continued and other NHL topics too…
from Shawn Byrne at the Daily Miner,
In a recent discussion with my boss about the state of hockey, we arrived at a couple ways for the game to be improved, and maybe, bring us back into the fold.
Eliminating the center line would be a good start. Keep the two-line passing rule, but get rid of the middle line to allow for more fast breaks. More scoring would lead to more excitement….
Another rule that we decided would add some excitement would be a take-off from basketball’s three-seconds rule.
On power plays, a defensemen could only be in a predetermined area in front of the goal for five seconds. The defensemen would have to skate out of the area, opening up the inside for an attack by the team with the advantage.
These two simple changes would allow me (and maybe my boss) to watch the Coyotes’ last five games like a fanatic, and whether or not Phoenix made the postseason, I would tune into the Stanley Cup playoffs.
from Loose Change at the Hockey News,
You see, baseball needs statistics. It’s a horribly boring game. If you didn’t spend your time debating the validity of pinch-hitting for that Dominican kid in the third inning, you’d realize you could have spent the afternoon reading the footnotes in the phone book.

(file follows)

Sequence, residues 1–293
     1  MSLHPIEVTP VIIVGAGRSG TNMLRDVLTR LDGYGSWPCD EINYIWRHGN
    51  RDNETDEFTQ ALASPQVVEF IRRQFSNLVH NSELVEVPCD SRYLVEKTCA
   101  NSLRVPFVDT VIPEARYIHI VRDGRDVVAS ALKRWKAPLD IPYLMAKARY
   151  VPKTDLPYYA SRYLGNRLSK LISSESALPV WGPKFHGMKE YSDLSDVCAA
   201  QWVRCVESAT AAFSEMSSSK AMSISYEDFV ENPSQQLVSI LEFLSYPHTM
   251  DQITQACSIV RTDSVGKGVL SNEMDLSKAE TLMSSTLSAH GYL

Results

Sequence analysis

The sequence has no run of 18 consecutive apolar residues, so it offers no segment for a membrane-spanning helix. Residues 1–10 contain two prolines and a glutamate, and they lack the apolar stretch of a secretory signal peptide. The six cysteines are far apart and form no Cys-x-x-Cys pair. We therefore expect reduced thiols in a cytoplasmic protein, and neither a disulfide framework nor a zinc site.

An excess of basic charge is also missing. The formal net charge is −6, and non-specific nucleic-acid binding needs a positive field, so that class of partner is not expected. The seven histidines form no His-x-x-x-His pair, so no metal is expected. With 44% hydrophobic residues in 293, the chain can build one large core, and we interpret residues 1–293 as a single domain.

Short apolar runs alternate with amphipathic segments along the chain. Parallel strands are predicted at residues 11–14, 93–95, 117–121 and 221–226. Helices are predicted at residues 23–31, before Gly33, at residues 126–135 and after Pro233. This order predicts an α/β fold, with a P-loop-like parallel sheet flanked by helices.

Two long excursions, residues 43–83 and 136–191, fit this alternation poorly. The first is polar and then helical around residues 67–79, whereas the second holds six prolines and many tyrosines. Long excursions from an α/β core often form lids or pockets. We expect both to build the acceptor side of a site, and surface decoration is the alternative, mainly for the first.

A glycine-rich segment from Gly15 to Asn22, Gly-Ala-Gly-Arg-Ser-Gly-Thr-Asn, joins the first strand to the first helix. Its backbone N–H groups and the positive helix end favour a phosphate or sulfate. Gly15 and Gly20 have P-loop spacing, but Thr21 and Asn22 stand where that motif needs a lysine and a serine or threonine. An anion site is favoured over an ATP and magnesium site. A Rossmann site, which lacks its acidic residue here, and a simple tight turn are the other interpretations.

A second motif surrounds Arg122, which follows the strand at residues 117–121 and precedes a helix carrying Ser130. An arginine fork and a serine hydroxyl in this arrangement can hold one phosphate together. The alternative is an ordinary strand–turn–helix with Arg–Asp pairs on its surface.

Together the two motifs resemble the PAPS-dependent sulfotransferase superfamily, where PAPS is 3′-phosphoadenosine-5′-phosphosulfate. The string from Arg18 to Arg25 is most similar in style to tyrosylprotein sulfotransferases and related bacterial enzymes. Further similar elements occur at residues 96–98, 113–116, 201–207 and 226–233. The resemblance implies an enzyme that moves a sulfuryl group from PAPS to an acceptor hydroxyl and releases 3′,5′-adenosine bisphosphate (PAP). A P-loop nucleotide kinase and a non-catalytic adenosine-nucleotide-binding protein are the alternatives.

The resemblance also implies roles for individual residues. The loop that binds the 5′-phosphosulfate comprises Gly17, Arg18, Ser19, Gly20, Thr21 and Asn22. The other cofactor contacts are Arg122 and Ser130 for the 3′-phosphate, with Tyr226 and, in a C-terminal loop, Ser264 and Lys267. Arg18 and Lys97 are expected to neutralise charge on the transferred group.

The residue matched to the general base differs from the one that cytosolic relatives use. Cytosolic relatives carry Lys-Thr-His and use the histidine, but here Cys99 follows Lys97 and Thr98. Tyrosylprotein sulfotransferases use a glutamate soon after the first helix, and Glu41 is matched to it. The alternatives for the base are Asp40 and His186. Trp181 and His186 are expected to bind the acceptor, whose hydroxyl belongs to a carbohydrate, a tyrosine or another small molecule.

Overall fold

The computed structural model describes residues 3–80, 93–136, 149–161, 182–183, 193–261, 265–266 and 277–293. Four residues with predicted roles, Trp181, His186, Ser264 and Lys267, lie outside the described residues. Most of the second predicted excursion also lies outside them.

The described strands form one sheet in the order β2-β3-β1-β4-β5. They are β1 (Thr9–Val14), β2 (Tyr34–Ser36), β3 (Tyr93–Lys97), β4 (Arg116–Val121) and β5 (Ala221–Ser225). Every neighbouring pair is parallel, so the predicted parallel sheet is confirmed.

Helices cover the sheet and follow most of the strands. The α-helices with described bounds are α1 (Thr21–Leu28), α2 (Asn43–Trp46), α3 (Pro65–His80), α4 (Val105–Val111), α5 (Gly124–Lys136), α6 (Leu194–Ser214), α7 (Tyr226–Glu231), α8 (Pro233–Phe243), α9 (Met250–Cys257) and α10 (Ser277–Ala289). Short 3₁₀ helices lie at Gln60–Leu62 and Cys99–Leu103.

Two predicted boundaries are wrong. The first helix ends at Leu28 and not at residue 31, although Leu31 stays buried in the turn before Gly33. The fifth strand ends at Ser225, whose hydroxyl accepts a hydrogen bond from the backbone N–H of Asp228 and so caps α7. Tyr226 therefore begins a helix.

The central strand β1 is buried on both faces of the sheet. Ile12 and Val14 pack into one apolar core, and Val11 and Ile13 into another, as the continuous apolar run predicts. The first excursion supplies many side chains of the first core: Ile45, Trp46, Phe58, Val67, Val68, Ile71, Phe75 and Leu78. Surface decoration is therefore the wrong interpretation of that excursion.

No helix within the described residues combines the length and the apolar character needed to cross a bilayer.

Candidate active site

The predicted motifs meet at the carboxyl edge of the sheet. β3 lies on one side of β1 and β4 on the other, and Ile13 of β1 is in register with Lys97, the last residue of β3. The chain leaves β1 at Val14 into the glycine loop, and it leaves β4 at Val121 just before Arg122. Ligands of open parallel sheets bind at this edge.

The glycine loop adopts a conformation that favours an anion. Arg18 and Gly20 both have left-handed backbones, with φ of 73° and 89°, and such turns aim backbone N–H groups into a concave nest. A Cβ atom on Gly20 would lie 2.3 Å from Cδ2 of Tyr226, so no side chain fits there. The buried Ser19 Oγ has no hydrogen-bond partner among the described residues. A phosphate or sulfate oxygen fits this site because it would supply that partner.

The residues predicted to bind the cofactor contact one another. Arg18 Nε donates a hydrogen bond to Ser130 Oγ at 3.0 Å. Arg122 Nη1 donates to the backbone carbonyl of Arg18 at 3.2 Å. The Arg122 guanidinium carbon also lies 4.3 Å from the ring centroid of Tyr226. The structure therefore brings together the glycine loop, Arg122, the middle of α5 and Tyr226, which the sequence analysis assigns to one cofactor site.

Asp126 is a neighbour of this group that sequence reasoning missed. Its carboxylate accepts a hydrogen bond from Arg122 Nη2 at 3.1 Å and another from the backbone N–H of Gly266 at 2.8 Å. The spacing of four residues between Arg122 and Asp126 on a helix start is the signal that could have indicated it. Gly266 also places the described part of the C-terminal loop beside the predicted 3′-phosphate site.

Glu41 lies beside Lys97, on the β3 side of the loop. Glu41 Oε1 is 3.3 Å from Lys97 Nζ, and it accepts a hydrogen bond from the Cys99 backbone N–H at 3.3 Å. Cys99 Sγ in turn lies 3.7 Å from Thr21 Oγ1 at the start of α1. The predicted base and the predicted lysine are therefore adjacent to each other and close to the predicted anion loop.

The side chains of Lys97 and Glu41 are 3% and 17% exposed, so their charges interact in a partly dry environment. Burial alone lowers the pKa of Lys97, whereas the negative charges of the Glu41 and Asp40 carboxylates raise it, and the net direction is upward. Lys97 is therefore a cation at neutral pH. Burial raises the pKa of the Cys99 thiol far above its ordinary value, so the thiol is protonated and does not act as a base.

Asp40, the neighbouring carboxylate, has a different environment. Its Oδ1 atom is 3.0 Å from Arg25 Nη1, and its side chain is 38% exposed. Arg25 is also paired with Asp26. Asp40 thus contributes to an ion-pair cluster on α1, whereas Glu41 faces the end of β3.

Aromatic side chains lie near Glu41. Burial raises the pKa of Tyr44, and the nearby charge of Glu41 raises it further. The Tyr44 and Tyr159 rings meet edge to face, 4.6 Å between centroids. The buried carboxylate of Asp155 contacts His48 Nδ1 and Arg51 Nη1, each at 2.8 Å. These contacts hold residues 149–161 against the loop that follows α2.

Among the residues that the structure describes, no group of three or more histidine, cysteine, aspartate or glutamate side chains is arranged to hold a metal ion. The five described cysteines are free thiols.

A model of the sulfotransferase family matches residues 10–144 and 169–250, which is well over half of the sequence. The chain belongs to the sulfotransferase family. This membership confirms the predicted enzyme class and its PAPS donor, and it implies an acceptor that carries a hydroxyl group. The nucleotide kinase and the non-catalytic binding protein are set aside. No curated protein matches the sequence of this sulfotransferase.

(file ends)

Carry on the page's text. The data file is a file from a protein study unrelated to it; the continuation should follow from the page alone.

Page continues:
Hockey’s not like that. The guys on the ice actually do something. This game moves so quick and is so enticing you shouldn’t even have the time to look up Josef Vasicek’s plus/minus rating on alternate Thursdays following a holiday.
Leave the stats to the only people that truly love and embrace them (in lieu of girlfriends).
The meek may indeed inherit the earth. They just can’t have hockey.
From Adam Proteau at The Hockey News,
Hollywood movies and human nature have conditioned most of us to hope, if not outright expect, our stories to have happy endings.
However, as a few NHL franchises just learned, reality doesn’t grant nearly that many wishes. More often than not, it specializes in the cruelest of lessons, crushed hopes and dashed dreams.
That was the unfortunate result for the Edmonton Oilers, Toronto Maple Leafs, and Florida Panthers, which all saw their Stanley Cup aspirations coldly cast into the proverbial latrine after losing must-win games this week. And soon, playoff bubble teams such as the Buffalo Sabres, Nashville Predators – or perhaps the fast-sliding Vancouver Canucks – will set up shop with them on lottery lane.
“Mr. Hockey,” Gordie Howe, will be the guest on today’s edition of NHL Hour hosted by National Hockey League Commissioner Gary Bettman on XM Satellite Radio.
The show is on from 4-5 p.m. ET today on XM (Channel 204) and NHL.com. NHL Hour is an interactive talk radio show that is hosted by a rotation of League executives, and co-hosted by XM sports host and former NHL player Bill Clement.
**Archived shows available for download via a podcast on NHL.com.
About Kukla's Korner Hockey
Paul Kukla founded Kukla’s Korner in 2005 and the site has since become the must-read site on the ‘net for all the latest happenings around the NHL.
From breaking news to in-depth stories around the league, KK Hockey is updated with fresh stories all day long and will bring you the latest news as quickly as possible.